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Using Platform Specific Libraries from a Platform Agnostic Project

23. November 2010 23:14 by hugodahl in C#, HOWTO, Tips and Tricks

Scenario: You are writing an application or library which targets the "AnyCPU" platform, but reference an external library (such as LeadTools) which are platform specific (x86/32 bit, x64/64 bit)

This situation is handled in several places, as there is no one unifying solution which applies to all phases of development.

During the Development Process

Storing the references

Create one folder for each supported platform. These can be placed either in a central location, or a subfolder of the solution/project. Best practice is to name the folder after the target platform. While this is by no means required, it is strongly recommended and urged.

  • x86
  • AMD64
  • IA64 (very rate, not covered in this article, but the same steps apply and will work)

Initial project creation and adding references

Add the references to the project through Visual Studio as you typically would. Choose the binaries which are applicable for the platform which are presently using.

Updating the project file (.csproj)

For this next step, we will edit the project (.csproj) file through a text editor. This can be done directly from the file system, by browsing to the file's location and editing it in the text editor of your choosing, or through Visual Studio, which has built-in XML editing capabilities, in the following manner

  1. Right-click on the project from within the Solution Explorer
  2. Select "Unload Project". The project icon should now be greyed out.
  3. Right-click on the project
  4. Select "Edit <project filename>.csproj"
  5. Edit the file as specified in the steps below
  6. Save changes
  7. Close the file editor window
  8. Right-click on the project from within the Solution Explorer
  9. Select "Reload Project"


Create the property group which handles the platform

Add the following section as a child of the "<Project>" element, above the first "<ItemGroup>" element. The child element, in this case "<CurrentPlatform>" will be the name of the property we will late reference. Make sure that the values match the names of the folders created in the "Storing the references" section.


1 <!-- Properties group for Determining 64bit Architecture --> 2 <PropertyGroup> 3 <CurrentPlatform>x86</CurrentPlatform> 4 <CurrentPlatform Condition="'$(PROCESSOR_ARCHITECTURE)'=='AMD64' or '$(PROCESSOR_ARCHITEW6432)'=='AMD64'">AMD64</CurrentPlatform> 5 </PropertyGroup>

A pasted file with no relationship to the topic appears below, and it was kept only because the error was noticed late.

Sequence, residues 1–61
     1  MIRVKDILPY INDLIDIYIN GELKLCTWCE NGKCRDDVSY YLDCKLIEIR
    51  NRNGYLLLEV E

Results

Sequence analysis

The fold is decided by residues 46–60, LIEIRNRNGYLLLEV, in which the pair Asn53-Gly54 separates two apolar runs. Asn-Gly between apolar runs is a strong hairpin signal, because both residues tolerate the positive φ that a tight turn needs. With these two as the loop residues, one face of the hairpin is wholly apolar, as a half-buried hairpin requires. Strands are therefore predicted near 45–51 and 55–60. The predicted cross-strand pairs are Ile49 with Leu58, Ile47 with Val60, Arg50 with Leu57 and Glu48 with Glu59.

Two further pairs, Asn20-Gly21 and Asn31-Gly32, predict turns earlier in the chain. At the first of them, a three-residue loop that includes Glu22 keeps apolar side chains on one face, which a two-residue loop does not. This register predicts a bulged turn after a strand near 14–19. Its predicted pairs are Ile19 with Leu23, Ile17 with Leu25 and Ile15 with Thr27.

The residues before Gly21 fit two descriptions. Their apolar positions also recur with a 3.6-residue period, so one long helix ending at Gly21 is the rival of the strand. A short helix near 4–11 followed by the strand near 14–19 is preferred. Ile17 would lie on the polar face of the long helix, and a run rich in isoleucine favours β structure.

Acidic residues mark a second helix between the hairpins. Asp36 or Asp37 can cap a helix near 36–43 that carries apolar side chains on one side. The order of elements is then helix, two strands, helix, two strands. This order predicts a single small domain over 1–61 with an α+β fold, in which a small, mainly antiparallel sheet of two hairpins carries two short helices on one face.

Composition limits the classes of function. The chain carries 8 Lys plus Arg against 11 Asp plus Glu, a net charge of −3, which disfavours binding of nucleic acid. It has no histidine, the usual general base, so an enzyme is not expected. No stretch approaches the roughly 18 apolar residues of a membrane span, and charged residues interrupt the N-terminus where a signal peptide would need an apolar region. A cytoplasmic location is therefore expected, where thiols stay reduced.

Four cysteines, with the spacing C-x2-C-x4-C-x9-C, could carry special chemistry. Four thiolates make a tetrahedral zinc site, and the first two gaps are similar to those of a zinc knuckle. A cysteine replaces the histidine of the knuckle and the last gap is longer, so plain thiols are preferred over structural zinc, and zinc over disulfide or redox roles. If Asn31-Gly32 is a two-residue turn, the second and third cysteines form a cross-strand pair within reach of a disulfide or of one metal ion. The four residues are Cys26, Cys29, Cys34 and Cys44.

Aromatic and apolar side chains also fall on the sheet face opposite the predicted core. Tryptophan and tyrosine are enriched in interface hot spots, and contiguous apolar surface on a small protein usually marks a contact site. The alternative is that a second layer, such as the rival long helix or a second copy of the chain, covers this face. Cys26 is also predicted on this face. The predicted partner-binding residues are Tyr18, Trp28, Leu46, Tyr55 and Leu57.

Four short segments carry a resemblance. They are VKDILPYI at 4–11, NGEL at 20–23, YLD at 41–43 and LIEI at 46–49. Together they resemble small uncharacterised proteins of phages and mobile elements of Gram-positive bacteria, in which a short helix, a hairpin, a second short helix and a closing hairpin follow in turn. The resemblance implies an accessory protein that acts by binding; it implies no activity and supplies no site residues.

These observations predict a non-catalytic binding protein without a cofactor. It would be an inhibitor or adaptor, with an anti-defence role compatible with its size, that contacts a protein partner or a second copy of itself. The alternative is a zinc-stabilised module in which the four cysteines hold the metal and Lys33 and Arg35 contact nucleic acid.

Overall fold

Updating reference paths

Update the paths to the references you added originally. Change the platform name in the path to the property name we just created, enclosed with "$()". In our case, "$(CurrentPlatform)". You can disregard making changes to the "processorArchitecture" attribute of the references for the fully qualified type name.


1 <ItemGroup> 2 <Reference Include="Leadtools, Version=, Culture=neutral, PublicKeyToken=9cf889f53ea9b907, processorArchitecture=x86"> 3 <SpecificVersion>False</SpecificVersion> 4 <HintPath>..\..\Lib\Leadtools\$(CurrentPlatform)\Leadtools.dll</HintPath> 5 </Reference> 6 <Reference Include="Leadtools.Codecs, Version=, Culture=neutral, PublicKeyToken=9cf889f53ea9b907, processorArchitecture=x86"> 7 <SpecificVersion>False</SpecificVersion> 8 <HintPath>..\..\Lib\Leadtools\$(CurrentPlatform)\Leadtools.Codecs.dll</HintPath> 9 </Reference> 10 <Reference Include="Leadtools.ImageProcessing.Core, Version=, Culture=neutral, PublicKeyToken=9cf889f53ea9b907, processorArchitecture=x86"> 11 <SpecificVersion>False</SpecificVersion> 12 <HintPath>..\..\Lib\Leadtools\$(CurrentPlatform)\Leadtools.ImageProcessing.Core.dll</HintPath> 13 </Reference> 14 <Reference Include="System" /> 15 <Reference Include="System.Core" /> 16 <Reference Include="System.Data.Entity" /> 17 <!-- Other project references --> 18 </ItemGroup>



To verify that your changes have taken, once the project is reloaded in Visual Studio, check that the path to the reference is now a valid path, with the property for the platform replaced with the correct folder.


The Build Process, Packaging and Distributing Binaries

The Build Process

If your project includes unit tests which are run in a continuous build environment, you must ensure that the correct binaries are found in the working folder of the build server, lest the unit tests all fail when attempting to load the libraries. The simplest method to achieve this goal is to set a post-build event command line script from within Visual Studio. You can do this by going to the "Build Events" tab in the solution properties. For most situations, the following script should suffice. Again, note the property name "CurrentPlatform" is the same that we used when we edited the project file.

xcopy /C /Y "$(SolutionDir)..\Lib\Leadtools\$(CurrentPlatform)\*.*" "$(OutDir)"
Distribution and installation

When distributing the application or library, all applicable binaries must be included with the distribution, and the installation method (automated, .MSI, Setup.exe, deployment personel) must place the correct binaries for the target platform in the folder where the libraries are expected to be found.